Trump’s campaign to discredit the GOP would benefit from any attempts, whatever their motivations or consequences, to rewrite convention rules now, in the middle of a process that all participants began on the assumption that this year’s rules were settled. Next year, however, when this year’s competition is, like Trump, just a fragrant memory, state parties that have open primaries should rethink this practice. It makes parties susceptible to free-floating voters and freebooting candidates who are, like Trump, lightly — if at all — invested in the party’s historic mission and its future. Open primaries are not unconstitutional but they are discordant with a First Amendment value — the freedom of the individual to associate with like-minded persons in political parties to advance a particular political doctrine.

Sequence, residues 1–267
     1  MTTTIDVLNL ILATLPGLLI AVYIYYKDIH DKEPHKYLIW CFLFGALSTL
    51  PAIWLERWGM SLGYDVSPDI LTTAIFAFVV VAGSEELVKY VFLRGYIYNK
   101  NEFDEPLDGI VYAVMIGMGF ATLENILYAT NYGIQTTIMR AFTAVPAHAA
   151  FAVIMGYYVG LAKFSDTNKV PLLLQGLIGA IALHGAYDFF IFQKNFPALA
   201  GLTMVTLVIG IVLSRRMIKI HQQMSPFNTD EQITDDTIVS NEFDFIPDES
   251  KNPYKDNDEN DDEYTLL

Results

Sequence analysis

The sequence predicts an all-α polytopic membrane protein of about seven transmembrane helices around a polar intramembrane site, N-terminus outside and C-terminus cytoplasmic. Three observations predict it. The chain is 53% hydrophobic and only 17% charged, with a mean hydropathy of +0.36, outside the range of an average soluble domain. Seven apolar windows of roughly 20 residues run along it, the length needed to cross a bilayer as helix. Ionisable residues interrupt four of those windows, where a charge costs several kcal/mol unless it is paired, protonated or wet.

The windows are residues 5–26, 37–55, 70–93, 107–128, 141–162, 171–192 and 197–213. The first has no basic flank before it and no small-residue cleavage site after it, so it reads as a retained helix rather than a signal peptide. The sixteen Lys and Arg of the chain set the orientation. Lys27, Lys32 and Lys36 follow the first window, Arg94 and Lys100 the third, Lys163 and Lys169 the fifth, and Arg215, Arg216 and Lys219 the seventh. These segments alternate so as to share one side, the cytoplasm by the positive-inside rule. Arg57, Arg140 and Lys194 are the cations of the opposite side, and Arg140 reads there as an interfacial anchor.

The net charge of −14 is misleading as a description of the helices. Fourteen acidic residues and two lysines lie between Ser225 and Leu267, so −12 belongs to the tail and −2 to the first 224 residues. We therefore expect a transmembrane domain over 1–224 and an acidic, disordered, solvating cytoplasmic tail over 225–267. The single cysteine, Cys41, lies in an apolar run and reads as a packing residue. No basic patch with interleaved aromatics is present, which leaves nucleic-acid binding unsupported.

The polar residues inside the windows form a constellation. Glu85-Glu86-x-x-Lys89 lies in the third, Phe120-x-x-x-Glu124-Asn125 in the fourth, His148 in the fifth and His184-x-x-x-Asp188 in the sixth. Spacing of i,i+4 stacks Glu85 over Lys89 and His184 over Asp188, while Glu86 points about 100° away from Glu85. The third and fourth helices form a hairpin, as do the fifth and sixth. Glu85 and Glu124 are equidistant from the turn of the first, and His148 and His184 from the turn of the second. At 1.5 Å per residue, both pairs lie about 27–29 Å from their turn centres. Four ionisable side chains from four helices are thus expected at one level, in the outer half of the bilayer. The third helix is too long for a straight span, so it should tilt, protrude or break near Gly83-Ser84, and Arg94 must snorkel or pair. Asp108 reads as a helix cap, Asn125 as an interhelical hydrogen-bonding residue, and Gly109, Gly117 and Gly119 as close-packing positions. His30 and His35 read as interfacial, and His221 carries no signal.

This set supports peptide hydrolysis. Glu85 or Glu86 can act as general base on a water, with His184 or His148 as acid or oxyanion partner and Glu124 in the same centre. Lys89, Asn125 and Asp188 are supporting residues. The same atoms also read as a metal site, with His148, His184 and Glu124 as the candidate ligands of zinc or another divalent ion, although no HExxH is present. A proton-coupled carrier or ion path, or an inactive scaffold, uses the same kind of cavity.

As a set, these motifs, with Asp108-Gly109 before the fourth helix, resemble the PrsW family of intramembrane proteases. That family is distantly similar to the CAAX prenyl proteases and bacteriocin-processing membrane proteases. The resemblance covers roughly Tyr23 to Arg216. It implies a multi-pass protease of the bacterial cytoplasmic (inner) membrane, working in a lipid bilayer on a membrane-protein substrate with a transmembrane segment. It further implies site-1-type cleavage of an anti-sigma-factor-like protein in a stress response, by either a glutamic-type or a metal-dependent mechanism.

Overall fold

Reformers are apt to revive familiar proposals for making the nomination process tidier by instituting four or five rotating (in their places on the nominating calendar) regional primaries. Leave aside the question of whether tidiness, an essentially aesthetic value, is a sensible political goal for a complex continental nation. But this arrangement, which this year might have quickly nominated Trump, or any future reform must be evaluated in terms of how it would facilitate or impede future Trumps. Measures to prevent candidacies like his could be his contribution — inadvertent, of course — to the public good.